FORMAN: This is probably the first time that he's been evaluated by a professional as having some mental health-related issues, and it's the first time he's had the floor in that way. And then 30 seconds later, he's escorted out of the courtroom, and that's it - 33 years.

CORNISH: After telling, you know, a hundred of these stories, what's something that the two of you have learned? How has this changed the way you think about an issue like gun violence?

FORMAN: You can really see how violence clusters like an infectious disease. You can see it on a map. You can see that clustering that is really a product of conditions that people are living under. And you can see how it spreads. It might spread because, you know, someone's just lost their brother, and they don't feel like the justice system is going to serve them. So they take matters into their own hands.

But then if you're the 5-year-old girl that's sitting on your grandfather's lap and you happen to live next to someone who's the target of some argument, you're at risk. I mean it's almost heartening to think about it as an infectious disease because that means that there are interventions. So if you can identify the points of spread, you can interrupt that.

CORNISH: What was it like even trying to get people to talk to you, you know, people who feel maybe as though, like, a lot of times when they talk to reporters they're kind of getting blamed for being anywhere near a situation like this?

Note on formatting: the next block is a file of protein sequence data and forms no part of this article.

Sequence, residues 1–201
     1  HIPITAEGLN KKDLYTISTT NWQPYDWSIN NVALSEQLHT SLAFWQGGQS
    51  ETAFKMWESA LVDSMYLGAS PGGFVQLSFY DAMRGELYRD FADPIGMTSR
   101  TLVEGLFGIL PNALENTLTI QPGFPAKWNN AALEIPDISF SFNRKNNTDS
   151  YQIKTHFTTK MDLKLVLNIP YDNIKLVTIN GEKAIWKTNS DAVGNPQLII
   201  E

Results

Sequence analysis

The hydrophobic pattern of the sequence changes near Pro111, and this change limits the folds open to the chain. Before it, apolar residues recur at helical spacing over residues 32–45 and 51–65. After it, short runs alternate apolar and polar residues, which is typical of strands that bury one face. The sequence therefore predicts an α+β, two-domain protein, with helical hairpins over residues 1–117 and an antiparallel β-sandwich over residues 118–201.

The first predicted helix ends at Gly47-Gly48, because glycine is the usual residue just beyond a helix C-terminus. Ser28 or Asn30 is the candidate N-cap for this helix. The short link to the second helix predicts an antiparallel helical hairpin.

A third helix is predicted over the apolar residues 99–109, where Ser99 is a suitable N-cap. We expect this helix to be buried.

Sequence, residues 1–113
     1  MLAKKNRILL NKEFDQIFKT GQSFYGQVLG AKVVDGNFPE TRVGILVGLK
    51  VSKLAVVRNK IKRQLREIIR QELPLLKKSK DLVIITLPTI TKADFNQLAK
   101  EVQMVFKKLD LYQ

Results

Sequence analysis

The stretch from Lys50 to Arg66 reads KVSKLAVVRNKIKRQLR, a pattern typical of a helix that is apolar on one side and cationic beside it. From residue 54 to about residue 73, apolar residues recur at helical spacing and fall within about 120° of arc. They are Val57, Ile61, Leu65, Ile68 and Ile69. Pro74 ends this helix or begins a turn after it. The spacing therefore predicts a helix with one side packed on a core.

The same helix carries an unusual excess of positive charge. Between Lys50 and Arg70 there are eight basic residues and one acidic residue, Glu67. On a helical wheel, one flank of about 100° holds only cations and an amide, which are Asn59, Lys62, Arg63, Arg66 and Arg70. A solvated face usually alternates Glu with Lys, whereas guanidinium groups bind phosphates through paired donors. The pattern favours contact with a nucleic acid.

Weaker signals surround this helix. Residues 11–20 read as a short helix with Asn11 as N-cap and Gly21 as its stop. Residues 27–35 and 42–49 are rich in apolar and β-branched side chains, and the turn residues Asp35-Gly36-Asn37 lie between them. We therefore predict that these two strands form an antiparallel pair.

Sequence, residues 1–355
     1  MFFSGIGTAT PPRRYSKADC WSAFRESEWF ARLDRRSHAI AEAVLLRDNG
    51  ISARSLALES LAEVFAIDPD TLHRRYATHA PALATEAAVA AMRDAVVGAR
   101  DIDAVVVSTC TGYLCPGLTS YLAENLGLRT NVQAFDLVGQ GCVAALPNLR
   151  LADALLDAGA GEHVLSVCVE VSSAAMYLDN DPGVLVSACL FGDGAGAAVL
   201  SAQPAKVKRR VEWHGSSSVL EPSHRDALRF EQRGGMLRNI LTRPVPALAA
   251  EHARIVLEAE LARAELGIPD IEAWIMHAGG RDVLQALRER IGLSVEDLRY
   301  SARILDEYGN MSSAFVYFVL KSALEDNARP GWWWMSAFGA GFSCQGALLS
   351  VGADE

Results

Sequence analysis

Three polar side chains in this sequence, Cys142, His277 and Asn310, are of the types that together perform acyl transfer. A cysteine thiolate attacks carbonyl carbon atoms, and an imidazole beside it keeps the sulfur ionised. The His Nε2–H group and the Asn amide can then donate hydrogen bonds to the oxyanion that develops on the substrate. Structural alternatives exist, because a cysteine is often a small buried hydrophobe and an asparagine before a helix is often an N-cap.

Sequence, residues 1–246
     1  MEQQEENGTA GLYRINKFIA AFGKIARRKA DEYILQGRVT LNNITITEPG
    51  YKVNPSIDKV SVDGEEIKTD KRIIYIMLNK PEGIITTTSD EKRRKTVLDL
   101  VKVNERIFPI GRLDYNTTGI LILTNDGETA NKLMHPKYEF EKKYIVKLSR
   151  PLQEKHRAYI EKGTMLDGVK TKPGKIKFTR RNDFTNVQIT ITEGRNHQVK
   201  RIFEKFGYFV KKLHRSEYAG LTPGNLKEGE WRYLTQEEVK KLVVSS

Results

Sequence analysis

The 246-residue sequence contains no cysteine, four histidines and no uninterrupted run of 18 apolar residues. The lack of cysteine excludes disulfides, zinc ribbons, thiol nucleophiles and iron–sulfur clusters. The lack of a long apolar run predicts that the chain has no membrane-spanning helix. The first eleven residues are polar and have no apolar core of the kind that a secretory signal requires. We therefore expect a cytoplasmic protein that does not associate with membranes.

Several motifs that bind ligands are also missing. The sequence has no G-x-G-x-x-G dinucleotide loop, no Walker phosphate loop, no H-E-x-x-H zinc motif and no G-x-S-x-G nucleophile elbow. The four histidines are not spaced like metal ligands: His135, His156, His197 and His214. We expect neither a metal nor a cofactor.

TURNER: This is Aisha. I struggle with that a lot. One of the things that we kind of constantly hear is, like, it's not what it's like in the news. And you know, as journalists, we have to take some responsibility (laughter) for the perception that's out there of this community. But at the same time, we're - one of the things that we're trying to do is really deepen the narrative around gun violence and get at those questions of why. And I think that helps to add depth and complexity.

And you also - we talk to people - we talked to one family, the Marshall (ph) family, who actually moved from the suburbs into the city and got a lot of pushback from their acquaintances who said, why would you want to go live with those people? And you know, they're telling us, you know, those statistics can feel really overblown when all you're looking at are the statistics.

What you're missing are the fact that, you know, we have Easter egg hunts every spring and that we have these community dinners every week. And you have a sense of being close-knit and looking out for each other. And I think that's one of the things that we've also found it important to show in the series and have that be a part of the dialogue around gun violence.


CORNISH: That's Aisha Turner and Emily Forman, producers of the reporting project Precious Lives. Their 101st and final episode will be posted online next week.